CALET’s Sensitivity to Dark Matter Annihilation in the Galactic Halo

CALET’s Sensitivity to Dark Matter Annihilation in the Galactic Halo

[    [    [    [

CALET (Calorimetric Electron Telescope), installed on the ISS in August 2015, directly measures the electron+positron cosmic rays flux up to 20 TeV. With its proton rejection capability of and an aperture of 1200 cmsr, it will provide good statistics even well above one TeV, while also featuring an energy resolution of 2%, which allows it to detect fine structures in the spectrum. Such structures may originate from Dark Matter annihilation or decay, making indirect Dark Matter search one of CALET’s main science objectives among others such as identification of signatures from nearby supernova remnants, study of the heavy nuclei spectra and gamma astronomy. The latest results from AMS-02 on positron fraction and total electron+positron flux can be fitted with a parametrization including a single pulsar as an extra power law source with exponential cut-off, which emits an equal amount of electrons and positrons. This single pulsar scenario for the positron excess is extrapolated into the TeV region and the expected CALET data for this case are simulated. Based on this prediction for CALET data, the sensitivity of CALET to Dark Matter annihilation in the galactic halo has been calculated. It is shown that CALET could significantly improve the limits compared to current data, especially for those Dark Matter candidates that feature a large fraction of annihilation directly into , such as the LKP (Lightest Kaluza-Klein particle).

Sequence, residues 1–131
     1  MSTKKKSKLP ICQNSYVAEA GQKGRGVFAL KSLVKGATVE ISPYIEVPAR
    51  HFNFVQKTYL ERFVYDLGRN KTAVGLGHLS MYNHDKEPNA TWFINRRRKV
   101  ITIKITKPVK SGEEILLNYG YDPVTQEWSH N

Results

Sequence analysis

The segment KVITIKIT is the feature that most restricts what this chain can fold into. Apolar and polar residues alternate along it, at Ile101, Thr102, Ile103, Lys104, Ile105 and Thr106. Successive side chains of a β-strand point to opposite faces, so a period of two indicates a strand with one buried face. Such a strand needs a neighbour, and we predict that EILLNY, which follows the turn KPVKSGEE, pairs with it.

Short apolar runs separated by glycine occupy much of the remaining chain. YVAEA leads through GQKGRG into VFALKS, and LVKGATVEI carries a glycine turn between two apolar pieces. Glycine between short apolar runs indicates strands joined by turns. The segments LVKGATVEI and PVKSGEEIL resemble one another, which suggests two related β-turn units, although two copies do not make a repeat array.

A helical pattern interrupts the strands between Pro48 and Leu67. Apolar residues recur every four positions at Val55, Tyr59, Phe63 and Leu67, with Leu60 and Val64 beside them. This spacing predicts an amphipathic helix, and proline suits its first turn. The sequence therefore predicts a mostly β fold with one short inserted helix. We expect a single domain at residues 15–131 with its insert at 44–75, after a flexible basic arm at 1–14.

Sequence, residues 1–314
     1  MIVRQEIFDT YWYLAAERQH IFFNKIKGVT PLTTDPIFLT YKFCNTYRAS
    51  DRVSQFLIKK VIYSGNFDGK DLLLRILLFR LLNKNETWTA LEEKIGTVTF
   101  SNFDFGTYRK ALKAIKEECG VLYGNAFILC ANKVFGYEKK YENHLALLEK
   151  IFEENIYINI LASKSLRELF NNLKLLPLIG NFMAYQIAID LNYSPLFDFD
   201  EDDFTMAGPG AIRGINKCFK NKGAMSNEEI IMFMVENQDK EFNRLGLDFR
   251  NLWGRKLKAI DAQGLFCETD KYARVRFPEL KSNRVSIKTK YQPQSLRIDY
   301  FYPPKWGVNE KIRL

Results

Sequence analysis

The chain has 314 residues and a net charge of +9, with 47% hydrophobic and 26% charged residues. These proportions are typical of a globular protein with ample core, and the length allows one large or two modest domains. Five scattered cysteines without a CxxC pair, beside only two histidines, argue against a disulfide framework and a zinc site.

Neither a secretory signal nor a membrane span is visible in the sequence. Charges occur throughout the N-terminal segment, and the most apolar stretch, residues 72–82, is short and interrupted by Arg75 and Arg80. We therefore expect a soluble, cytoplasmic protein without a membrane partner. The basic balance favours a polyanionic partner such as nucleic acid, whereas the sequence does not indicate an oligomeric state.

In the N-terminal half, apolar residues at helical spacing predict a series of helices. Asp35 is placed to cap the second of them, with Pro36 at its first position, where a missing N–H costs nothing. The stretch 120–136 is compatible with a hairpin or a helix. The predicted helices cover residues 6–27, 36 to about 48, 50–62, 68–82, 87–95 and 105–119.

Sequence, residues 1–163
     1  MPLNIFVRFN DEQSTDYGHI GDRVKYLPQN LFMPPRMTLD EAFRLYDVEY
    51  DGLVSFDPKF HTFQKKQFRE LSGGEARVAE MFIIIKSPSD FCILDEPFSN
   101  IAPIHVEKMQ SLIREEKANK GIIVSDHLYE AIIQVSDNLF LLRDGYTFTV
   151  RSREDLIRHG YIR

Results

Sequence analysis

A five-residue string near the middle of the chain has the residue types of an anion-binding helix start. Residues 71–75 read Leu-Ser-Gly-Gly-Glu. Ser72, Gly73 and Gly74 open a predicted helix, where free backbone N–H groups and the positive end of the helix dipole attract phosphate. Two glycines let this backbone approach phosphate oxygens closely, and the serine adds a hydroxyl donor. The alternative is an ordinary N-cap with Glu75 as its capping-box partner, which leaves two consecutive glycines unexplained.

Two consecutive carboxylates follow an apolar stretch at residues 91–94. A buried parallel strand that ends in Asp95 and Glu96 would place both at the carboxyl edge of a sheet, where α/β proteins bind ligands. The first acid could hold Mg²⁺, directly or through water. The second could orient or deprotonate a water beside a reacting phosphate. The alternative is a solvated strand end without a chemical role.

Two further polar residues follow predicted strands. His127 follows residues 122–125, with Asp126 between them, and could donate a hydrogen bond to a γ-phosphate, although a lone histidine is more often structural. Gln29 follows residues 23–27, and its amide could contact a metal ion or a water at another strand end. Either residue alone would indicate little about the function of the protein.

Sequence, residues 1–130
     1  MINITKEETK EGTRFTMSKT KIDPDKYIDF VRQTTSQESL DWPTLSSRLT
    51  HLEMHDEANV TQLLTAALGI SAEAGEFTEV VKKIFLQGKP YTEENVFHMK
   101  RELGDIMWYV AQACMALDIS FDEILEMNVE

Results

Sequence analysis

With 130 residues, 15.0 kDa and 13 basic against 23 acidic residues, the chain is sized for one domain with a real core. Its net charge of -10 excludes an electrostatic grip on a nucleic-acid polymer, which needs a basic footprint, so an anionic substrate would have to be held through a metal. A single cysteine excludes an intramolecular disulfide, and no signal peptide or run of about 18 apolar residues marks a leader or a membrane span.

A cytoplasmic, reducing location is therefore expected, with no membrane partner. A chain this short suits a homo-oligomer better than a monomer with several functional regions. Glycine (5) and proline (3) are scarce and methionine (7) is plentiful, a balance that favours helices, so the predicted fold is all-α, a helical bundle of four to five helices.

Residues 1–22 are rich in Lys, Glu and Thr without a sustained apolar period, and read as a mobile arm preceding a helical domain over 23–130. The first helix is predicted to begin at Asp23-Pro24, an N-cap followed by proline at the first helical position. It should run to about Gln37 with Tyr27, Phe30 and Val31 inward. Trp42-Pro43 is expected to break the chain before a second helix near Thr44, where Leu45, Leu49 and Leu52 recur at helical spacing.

a,1]H. Motz,11footnotetext: Corresponding author. b]Y. Asaoka, b]S. Torii, c]S. Bhattacharyya Prepared for submission to JCAP

CALET’s Sensitivity to Dark Matter Annihilation in the Galactic Halo

  • International Center for Science and Engineering Projects, Waseda University,
    3-4-1 Okubo, Shinjuku, Tokyo 169-8555, Japan

  • Research Institute for Science and Engineering, Waseda University,
    3-4-1 Okubo, Shinjuku, Tokyo, 169-8555, Japan

  • Advanced School for Science and Engineering, Waseda University,
    3-4-1 Okubo, Shinjuku, Tokyo, 169-8555, Japan




1 Introduction